I want to OR the bits of a vector together. So say I have a vector called example(23 downto 0) and I want to OR all the bits into another vector, is there any way to do this that does not involve going example(0) or example(1) or ...example(23)?

  • Could you simply compare to zero instead? That would have the same effect. – David Oct 19 '13 at 20:50
  • To expand on David's comment (using a 32 bit vector): or_result <= '0' when input=X"00000000" else '1'; Change the number of zeros to match the length of the vector in question. – user60166 Dec 10 '14 at 8:18
  • Logic reduction is available in vhdl 2008, see stackoverflow.com/questions/20296276/… – Moberg Feb 28 '17 at 12:47
  • Also you can use more general way: result <= '0' when (example=(example'range=>'0')) else '1'; – Miguel Risco Apr 16 '17 at 5:06
up vote 11 down vote accepted

or_reduce is what you want, and it is available in std_logic_misc. Supported by both A and X for FPGAs.

Verilog has a convenient "reduction operator" that does exactly what you're asking for: |example[23:0] gives the result of OR'ing all the bits of the example vector.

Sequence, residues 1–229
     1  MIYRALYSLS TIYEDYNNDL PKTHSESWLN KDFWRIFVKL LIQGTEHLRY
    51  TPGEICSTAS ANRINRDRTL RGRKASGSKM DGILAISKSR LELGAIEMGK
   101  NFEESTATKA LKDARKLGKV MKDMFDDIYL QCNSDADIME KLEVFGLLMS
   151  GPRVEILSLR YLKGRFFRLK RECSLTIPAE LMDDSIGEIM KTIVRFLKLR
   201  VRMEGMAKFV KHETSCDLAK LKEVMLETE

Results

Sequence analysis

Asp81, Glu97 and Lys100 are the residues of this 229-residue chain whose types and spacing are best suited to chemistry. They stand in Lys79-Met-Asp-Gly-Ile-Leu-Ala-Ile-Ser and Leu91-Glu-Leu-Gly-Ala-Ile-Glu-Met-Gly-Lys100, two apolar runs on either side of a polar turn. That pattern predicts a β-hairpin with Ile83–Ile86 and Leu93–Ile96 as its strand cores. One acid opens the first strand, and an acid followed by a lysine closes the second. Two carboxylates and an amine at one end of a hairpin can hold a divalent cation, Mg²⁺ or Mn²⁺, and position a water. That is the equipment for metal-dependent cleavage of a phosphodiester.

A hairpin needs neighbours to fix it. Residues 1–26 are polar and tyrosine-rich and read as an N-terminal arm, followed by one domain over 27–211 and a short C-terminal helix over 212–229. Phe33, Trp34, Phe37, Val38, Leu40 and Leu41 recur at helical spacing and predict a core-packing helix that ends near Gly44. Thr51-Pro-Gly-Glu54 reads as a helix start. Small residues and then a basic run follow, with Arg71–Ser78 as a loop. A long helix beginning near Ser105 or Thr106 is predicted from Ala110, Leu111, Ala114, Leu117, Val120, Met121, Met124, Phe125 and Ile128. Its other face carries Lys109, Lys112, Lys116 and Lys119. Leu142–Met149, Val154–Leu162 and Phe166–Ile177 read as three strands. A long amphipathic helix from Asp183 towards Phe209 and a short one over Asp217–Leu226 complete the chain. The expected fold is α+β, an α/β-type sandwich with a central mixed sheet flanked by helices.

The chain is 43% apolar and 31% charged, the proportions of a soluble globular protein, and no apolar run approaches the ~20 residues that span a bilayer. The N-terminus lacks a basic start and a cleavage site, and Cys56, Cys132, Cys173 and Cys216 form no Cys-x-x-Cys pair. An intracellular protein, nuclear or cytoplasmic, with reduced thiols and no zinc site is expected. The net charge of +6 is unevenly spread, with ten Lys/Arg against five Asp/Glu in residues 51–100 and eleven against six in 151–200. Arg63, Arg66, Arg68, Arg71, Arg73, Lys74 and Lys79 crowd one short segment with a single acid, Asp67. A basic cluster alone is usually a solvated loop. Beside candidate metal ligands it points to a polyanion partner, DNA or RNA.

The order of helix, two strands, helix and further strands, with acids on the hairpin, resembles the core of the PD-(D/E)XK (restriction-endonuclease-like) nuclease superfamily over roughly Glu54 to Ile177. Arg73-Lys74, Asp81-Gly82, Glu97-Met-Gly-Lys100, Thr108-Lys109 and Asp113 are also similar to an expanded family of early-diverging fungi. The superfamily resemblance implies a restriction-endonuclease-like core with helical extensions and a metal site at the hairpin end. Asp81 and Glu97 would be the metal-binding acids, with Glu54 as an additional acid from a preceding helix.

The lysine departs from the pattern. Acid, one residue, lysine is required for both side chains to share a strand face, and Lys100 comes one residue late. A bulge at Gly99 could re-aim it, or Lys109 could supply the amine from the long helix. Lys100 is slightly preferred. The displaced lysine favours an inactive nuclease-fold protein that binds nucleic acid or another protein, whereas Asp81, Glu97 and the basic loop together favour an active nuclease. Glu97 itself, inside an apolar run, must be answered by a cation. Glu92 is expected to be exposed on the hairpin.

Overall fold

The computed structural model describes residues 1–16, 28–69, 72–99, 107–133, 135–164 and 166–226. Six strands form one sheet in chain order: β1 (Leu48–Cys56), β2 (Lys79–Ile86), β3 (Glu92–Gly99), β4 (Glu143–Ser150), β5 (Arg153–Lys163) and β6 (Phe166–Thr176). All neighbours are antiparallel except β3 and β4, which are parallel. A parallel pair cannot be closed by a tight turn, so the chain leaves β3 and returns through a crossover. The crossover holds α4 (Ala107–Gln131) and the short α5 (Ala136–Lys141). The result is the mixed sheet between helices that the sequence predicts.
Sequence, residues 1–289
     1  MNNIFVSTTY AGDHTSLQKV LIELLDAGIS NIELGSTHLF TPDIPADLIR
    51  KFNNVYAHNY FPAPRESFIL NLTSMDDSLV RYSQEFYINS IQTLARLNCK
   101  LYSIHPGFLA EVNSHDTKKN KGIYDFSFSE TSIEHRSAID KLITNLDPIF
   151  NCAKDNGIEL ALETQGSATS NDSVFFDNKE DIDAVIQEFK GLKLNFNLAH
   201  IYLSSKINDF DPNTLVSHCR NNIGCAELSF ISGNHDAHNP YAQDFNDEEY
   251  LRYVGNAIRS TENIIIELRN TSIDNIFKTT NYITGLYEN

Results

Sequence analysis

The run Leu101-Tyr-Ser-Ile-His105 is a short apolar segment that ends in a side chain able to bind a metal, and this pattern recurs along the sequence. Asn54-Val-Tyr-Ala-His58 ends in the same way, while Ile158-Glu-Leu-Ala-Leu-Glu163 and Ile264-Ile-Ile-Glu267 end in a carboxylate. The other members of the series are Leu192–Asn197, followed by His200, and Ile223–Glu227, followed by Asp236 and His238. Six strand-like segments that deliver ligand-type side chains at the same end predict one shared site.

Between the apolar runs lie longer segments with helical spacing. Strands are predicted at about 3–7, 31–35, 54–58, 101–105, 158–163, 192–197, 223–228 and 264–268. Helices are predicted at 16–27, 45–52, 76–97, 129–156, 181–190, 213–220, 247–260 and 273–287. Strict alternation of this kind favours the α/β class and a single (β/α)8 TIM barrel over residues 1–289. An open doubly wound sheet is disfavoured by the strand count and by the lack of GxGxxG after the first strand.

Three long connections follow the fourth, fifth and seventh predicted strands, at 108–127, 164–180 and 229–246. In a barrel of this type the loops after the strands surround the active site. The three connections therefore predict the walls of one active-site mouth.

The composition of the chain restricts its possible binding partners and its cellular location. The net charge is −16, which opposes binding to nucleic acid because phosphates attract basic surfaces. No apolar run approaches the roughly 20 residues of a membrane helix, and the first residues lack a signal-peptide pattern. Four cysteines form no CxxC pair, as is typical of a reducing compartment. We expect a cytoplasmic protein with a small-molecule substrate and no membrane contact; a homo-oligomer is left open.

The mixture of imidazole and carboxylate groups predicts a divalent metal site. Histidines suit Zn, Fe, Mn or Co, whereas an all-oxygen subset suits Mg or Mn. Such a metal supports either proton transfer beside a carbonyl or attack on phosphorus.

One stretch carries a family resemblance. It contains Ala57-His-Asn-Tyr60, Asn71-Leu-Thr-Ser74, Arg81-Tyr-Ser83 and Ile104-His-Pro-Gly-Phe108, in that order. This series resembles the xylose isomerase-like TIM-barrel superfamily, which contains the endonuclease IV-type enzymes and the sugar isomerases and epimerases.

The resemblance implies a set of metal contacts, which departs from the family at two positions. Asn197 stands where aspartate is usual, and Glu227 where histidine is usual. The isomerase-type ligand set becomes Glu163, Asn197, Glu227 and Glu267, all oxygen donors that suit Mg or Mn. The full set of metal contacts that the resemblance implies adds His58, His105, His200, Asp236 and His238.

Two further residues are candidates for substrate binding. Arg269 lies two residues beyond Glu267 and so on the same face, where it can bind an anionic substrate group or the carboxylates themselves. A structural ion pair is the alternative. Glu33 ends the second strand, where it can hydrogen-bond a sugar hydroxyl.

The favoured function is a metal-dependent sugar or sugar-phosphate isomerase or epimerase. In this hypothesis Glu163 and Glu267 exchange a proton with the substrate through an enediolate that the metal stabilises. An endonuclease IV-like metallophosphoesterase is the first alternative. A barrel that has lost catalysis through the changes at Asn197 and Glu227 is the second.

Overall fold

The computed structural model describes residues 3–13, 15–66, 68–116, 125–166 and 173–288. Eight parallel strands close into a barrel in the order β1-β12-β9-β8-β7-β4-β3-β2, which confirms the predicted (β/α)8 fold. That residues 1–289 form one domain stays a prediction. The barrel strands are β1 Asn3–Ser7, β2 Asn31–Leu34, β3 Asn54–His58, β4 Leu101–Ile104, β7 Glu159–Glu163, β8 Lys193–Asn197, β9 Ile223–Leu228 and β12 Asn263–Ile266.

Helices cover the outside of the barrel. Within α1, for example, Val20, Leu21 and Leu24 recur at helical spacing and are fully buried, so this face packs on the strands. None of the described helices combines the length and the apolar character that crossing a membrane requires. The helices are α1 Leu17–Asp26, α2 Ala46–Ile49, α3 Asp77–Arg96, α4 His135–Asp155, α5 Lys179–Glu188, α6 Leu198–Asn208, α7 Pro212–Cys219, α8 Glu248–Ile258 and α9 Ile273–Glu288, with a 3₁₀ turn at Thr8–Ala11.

Unfortunately VHDL doesn't have this operator. According to the comp.lang.vhdl FAQ, though

There is no predefined VHDL operator to perform a reduction operation on all bits of vector (e.g., to "or" all bits of a vector). However, the reduction operators can be easily implemented:

[skipping an example that doesn't handle 'X' and 'Z' values]

    function or_reduce( V: std_logic_vector )
                return std_ulogic is
      variable result: std_ulogic;
      for i in V'range loop
        if i = V'left then
          result := V(i);
          result := result OR V(i);
        end if;
        exit when result = '1';
      end loop;
      return result;
    end or_reduce;
    b <= or_reduce( b_vec ); 
  • Whoever downvoted, care to explain why? – The Photon Oct 21 '13 at 2:03
  • Is this synthesizable? – Johannes Schaub - litb Aug 3 '17 at 17:06
  • @JohannesSchaub-litb, of course, it can be synthesized to a really big OR gate (or a tree of smaller ones). Possibly the version in the standard library (in Aaron D. Marasco's answer) will be better optimized than something generated on the fly. – The Photon Aug 3 '17 at 20:17

Your Answer

By clicking "Post Your Answer", you acknowledge that you have read our updated terms of service, privacy policy and cookie policy, and that your continued use of the website is subject to these policies.

Not the answer you're looking for? Browse other questions tagged or ask your own question.